13. John-- Thanks for the tips. I may try out BaseElements, although I am not sure I can go for the purchase price right now. Cheers, David
  14. I have a solution that has come along from FM4 through FM6, FM7, and I am looking at moving it to FM10. When I converted to 7, I rebuilt the structure to use the separation model, which was a major undertaking on its own. Consequently, I wasn't ready to try eliminating the many global fields I had. What I did was to move all the global fields into a Globals table in the UI file. Since I've never been a fan of global variables, I am now looking at eliminating as many of the 115 global fields as I can and replacing them with script variables (or other tricks). My question is: does anyone have a principled method of converting them over? I am concerned that I will miss a reference to one of the globals and send out a package that only breaks when the user tries to do something obscure (that I had forgotten about). I thought about just deleting the variables and then looking for all the entries in a DDR. But that seems a little chancy (which global got used where?)... I thought about iterating through a cycle where I create a DDR, change all the references I can find for one variable, re-running the DDR and checking again. But this really seems like a long and arduous process. I am having a tough time with this also because (in my infinite wisdom, ha ha) I used lots of short scripts that focused on simpler tasks, and then stored the results of each little script in a Global, which the next little script would use. So, keeping track of where all the variables gets used is confusing to me on the best days... If anyone has advice, suggestions, or encouragement to offer me, I would relly appreciate it. As it stands, I keep putting this off for other things (like repainting the house). Thanks, David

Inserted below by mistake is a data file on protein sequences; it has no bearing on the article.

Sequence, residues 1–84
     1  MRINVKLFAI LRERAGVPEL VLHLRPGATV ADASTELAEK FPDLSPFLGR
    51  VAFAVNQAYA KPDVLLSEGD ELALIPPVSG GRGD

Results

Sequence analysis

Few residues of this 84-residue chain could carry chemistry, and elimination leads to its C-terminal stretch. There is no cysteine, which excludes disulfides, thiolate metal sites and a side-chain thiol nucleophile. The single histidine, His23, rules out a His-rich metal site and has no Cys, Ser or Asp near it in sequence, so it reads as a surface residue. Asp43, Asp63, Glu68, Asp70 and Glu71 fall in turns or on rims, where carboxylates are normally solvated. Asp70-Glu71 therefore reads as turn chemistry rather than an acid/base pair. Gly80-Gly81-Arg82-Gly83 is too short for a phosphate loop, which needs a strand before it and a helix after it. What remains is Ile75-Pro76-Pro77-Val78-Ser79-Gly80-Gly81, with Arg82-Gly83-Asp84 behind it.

15. In your script, first go to the layout that will be your destination. Then enter Find Mode. Next, Set the search fields with the parameters you have passed. Finally, Perform the find. Or am I missing something? David
  16. Comment-- I apparently got it in my head somewhere that using a calculated field in a relationship would result in poor performance. That's probably because at some point in the past, I had a much gnarlier data structure... I see that this approach will work for my needs. Thanks for opening my eyes. David
  17. LaRetta-- Please accept my apology. I was not trying to test your psychic abilities. I had wrestled with the problem for quite a while before I posted, and I wrestled with your example for another long while. When I said I was going to keep digging, what I should have said was that I suspect I am trying to find a solution using the wrong method, and under the circumstances, I will dig for a better one. It truly was not an attempt to get others sucked in to this. For what it's worth, I am going to probably go with a scripted solution, as indicated in my modified version of your example file, attached. The modified structure might also give you an idea of the conundrum (but I'm not asking you to put any more time into this, really!). Sorry for the trouble. David GrandparentalMod.fp7.zip